5) Jobs are being created and consumer income is on the rise. U.S. personal income recently experienced its biggest increase in eight years. Non-farm payrolls have increased every month for the past two years. There are increasing examples of local job markets experiencing a true employment "boom":

Silicon Valley job growth has reached dot-com boom levels, report says (Mercury News)

"Employment growth in Silicon Valley is impressive, very impressive," said Russell Hancock, president of Joint Venture Silicon Valley. "Some might even say the job growth is cause for euphoria."

Last year, the nine-county Bay Area added about 92,000 jobs, according to the study. Of that total, Silicon Valley -- defined as Santa Clara and San Mateo counties -- accounted for 46 percent, or 42,000 jobs.

"This is prodigious job creation," Hancock said. "The growth is crazy and it's getting crazier."

A Rosy Picture

Taken collectively, it's hard not to feel optimistic even strongly so about our future prospects. With these messages constantly being delivered and reinforced, it's little wonder that the status quo is not under attack. That the energy behind the Occupy movement has dissipated. Because a better tomorrow lies ahead, right?


The Case for Defense

As alluring as the offensive narrative sounds, it contradicts starkly with the preponderance of underlying data. Data that requires some but not too much digging beneath the headlines.

In counterpoint to the above narrative, a sampling of this data reveals the following:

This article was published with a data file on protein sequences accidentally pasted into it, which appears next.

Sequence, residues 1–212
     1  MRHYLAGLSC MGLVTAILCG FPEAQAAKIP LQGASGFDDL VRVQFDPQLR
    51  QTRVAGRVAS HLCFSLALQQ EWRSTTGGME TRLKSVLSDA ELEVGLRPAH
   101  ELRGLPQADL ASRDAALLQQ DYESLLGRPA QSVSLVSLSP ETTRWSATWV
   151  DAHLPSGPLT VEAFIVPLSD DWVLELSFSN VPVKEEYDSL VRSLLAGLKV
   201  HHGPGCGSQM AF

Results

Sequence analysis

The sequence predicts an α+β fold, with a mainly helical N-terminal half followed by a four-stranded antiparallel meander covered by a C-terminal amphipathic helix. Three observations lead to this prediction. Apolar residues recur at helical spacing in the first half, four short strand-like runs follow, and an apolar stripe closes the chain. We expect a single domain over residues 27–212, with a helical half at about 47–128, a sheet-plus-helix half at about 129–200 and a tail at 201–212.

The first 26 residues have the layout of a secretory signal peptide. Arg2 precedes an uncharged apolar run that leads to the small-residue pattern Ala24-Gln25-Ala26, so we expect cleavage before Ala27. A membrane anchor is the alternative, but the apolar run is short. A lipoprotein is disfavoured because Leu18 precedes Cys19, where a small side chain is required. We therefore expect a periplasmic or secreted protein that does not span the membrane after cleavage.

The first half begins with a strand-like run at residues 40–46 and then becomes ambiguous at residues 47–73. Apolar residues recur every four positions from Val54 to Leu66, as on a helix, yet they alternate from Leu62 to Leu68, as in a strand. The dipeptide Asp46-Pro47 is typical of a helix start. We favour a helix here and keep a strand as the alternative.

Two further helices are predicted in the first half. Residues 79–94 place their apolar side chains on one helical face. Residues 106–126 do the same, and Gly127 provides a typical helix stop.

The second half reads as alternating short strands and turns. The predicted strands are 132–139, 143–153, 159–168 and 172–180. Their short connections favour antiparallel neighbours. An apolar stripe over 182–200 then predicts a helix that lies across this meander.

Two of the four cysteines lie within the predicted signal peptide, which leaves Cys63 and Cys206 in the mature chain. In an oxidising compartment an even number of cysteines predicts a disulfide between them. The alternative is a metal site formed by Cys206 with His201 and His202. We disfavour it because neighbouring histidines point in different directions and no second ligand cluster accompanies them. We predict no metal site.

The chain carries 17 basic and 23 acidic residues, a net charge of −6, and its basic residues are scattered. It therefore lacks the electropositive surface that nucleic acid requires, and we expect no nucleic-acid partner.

1) Expensive oil is here to stay and will handicap economic growth for decades to come. Peak Oil is alive and well, despite the "shale miracle". The four major global oil producers, including BP, continue to report declining total production numbers despite more than doubling well drilling activity since 2007. Gas prices this February are the highest they've been in history:

Consumers Taking Financial Hit From Rising Fuel Prices (CNBC)

Consumers have been spending more on gasoline than they have in nearly three decades. 

With pump prices at their highest level on record for this time of year, the stage is set for an even greater climb in gasoline prices and expenditures than in 2012. Retail gasoline prices have surged 17 cents in a week to top $3.50 a gallon on average, posting the highest prices on record for the beginning of February

Meanwhile, the U.S. Energy Information Administration reported Monday that gasoline expenditures in 2012 for the average U.S. household reached $2,912, or just under 4 percent of income before taxes. This was the highest estimated percentage of household income spent on gasoline in nearly three decades, with the exception of 2008, when the average household spent a similar amount.

2) Financial security valuations are dislocated from the fundamentals of the underlying companies. The trillions of dollars of liquidity pumped into the market by the Fed is, yet again, blowing asset bubbles in stocks and bonds. Respectable veteran investors from Bill Gross, to Jeremy Grantham, to Jim Rogers, to Bob Janjuah, to John Hussman are warning of a coming calamitous correction. Corporate insiders, despite their proclamations of record profitability, are voting with their feet and selling over 9 times more of their company stock than they are buying:

Sucker Alert? Insider Selling Surges After Dow 14,000 (CNBC)

Insiders have been pulling out of stocks just as small investors are getting in.

There have been more than nine insider sales for every one buy over the past week among NYSE stocks, according to Vickers. The last time executives sold their company's stock this aggressively was in early 2012, just before the S&P 500 went on to correct by 10 percent to its low for the year.

"Insiders know more than the vast majority of market participants," said Enis Taner, global macro editor for "And they're usually right over a long period of time."